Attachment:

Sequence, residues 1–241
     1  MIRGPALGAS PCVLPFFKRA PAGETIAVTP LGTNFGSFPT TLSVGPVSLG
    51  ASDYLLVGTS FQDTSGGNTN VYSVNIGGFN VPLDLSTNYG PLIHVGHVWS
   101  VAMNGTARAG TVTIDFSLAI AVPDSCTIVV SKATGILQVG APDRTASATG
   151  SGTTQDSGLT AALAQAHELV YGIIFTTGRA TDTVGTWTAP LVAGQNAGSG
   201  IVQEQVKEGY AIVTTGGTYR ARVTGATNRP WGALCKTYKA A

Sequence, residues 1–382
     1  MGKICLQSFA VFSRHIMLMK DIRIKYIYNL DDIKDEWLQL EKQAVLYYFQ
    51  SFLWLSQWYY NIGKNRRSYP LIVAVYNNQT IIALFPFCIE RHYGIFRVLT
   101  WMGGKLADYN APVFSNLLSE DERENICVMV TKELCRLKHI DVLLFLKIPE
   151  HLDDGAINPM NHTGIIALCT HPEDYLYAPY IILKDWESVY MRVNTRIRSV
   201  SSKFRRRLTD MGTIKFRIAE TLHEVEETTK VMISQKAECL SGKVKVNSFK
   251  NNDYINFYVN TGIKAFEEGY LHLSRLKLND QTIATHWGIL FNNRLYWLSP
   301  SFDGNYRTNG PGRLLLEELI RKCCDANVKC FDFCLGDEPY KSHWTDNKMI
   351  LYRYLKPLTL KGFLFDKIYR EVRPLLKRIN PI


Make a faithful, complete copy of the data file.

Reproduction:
Sequence, residues 1–241
     1  MIRGPALGAS PCVLPFFKRA PAGETIAVTP LGTNFGSFPT TLSVGPVSLG
    51  ASDYLLVGTS FQDTSGGNTN VYSVNIGGFN VPLDLSTNYG PLIHVGHVWS
   101  VAMNGTARAG TVTIDFSLAI AVPDSCTIVV SKATGILQVG APDRTASATG
   151  SGTTQDSGLT AALAQAHELV YGIIFTTGRA TDTVGTWTAP LVAGQNAGSG
   201  IVQEQVKEGY AIVTTGGTYR ARVTGATNRP WGALCKTYKA A

Sequence, residues 1–382
     1  MGKICLQSFA VFSRHIMLMK DIRIKYIYNL DDIKDEWLQL EKQAVLYYFQ
    51  SFLWLSQWYY NIGKNRRSYP LIVAVYNNQT IIALFPFCIE RHYGIFRVLT
   101  WMGGKLADYN APVFSNLLSE DERENICVMV TKELCRLKHI DVLLFLKIPE
   151  HLDDGAINPM NHTGIIALCT HPEDYLYAPY IILKDWESVY MRVNTRIRSV
   201  SSKFRRRLTD MGTIKFRIAE TLHEVEETTK VMISQKAECL SGKVKVNSFK
   251  NNDYINFYVN TGIKAFEEGY LHLSRLKLND QTIATHWGIL FNNRLYWLSP
   301  SFDGNYRTNG PGRLLLEELI RKCCDANVKC FDFCLGDEPY KSHWTDNKMI
   351  LYRYLKPLTL KGFLFDKIYR EVRPLLKRIN PI